IRA used to support Ponzi scheme, says another suit against Millennium
A Dupage County finance company is again being sued after allegedly allowing one of its clients to fall victim to a Ponzi scheme.
Sharon Cobb, formerly known as Sharon Shahan, and John Shahan filed a lawsuit May 24 in St. Clair County Circuit Court against Millennium Trust Company LLC. Cobb and Shahan reside in Florida.
In 2003 Shahan allegedly signed a self-directed IRA Adoption Agreement with Millennium naming Cobb as the beneficiary. At the time of the transaction Cobb and Shahan were married but have since divorced, according to the complaint. As part of the divorce decree, Cobb was awarded a portion of Shahan's IRA accounts.
Beginning in December 2003 Shahan says he instructed Millennium to transfer $100,000 from his IRA account to the British Lending Program. He again made two more requests to transfer $100,000, in March 2004 and July 2004, bringing the total transfer amount to $300,000. That money, according to Shahan, was a loan intended to go to a company overseas to be invested in real estate projects in England.
However, the British Lending Program allegedly turned out to be a Ponzi scheme operated by two attorneys, one from St. Louis and the other from Kansas. Apparently self-directed IRAs were the primary source of funding for their program. Shahan and Cobb contend self-directed IRAs require qualified custodians, which Millennium allegedly claimed it was. The couple says that custodian role is especially important when dealing with alternative investments like the British Lending Program. Millenium held itself as an "expert" in this arena, according to the petition.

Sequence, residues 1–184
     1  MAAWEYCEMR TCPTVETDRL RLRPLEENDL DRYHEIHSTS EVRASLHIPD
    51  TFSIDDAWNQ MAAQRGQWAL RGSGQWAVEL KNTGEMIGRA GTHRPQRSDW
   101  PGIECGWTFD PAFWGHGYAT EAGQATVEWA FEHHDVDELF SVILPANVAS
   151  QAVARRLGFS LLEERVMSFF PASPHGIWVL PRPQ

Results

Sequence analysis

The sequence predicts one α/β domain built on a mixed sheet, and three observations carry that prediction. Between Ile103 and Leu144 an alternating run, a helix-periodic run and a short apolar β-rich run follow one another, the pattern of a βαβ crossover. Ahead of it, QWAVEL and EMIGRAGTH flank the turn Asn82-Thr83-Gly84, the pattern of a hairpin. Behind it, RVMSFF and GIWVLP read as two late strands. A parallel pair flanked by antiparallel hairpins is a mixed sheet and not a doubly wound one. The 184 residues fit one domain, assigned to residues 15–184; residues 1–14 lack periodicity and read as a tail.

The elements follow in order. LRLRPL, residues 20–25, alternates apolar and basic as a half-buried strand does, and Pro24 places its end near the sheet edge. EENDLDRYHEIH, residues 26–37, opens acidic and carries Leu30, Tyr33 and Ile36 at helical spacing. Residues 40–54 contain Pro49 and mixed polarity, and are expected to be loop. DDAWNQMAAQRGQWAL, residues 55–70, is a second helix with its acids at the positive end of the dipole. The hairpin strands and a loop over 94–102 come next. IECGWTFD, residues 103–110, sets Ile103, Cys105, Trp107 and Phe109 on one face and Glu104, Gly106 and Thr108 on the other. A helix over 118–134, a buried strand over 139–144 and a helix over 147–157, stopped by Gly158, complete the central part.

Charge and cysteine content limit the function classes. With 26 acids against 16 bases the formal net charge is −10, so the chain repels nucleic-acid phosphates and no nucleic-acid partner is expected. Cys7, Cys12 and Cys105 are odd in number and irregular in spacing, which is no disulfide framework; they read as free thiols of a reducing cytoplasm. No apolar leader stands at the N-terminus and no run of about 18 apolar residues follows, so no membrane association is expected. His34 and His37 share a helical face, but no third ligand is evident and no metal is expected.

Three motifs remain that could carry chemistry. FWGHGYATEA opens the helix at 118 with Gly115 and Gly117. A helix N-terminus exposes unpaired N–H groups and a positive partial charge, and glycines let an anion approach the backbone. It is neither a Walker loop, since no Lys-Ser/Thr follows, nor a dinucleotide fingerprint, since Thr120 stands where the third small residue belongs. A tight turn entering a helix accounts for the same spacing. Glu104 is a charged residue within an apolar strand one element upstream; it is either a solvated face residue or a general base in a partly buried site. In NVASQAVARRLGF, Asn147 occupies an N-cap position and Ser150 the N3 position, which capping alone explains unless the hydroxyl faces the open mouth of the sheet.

A similar suit against Millennium, brought as a proposed class action, was also filed in St. Clair County on May 24 by another Florida resident.
Cobb and Shahan claim Millennium should have been able to identify fraudulent activity on their investments. For example, in each of his requests to transfer IRA funds to the British Lending Program, Shahan claims Millennium sent a wire transfer to the lawyer in St. Louis instead of the intended borrower in England. Cobb and Shahan allege proper auditing by Millennium would have uncovered the fact that the British company never received the money, thus highlighting the fraud. Having allegedly not been warned of the obvious issues, Cobb and Shahan say they continued to invest another $115,000 between August 2006 and September 2009.
Finally in July 2008, Millennium allegedly discovered the British Lending Program was a fraud and reported it to bank regulators but did not disclose the report to its IRA holders who invested with the company. Cobb and Shanan claim Millennium also tried to cover up its mistakes in the process. They say the company provided account statements falsely showing the money went to the British company, with repayment coming from that company. The couple also alleges Millenium never required the proper loan documents to be reviewed.
Even after learning the British Lending Program was actually a Ponzi scheme, Millennium allegedly allowed $20 million more from its clients
accounts to be invested in the fraudulent venture.
Cobb and Shahan say this information only came to light after a criminal indictment of the St. Louis attorney involved in the scheme was unsealed in May 2011. They claim there is no possibility of recovering the money they lost from the operators of the Ponzi scheme.
The plaintiffs accuse Millennium of negligence, breach of fiduciary duty and unjust enrichment. They seek to be awarded more than $5 million, which includes punitive damages and court costs.
Attorneys Jonathan F. Andres and Nathan E. Ross of Clayton, Mo. represent Cobb and Shahan. They ask for a jury trial.
St. Clair County Circuit Court Case No. 12-L-278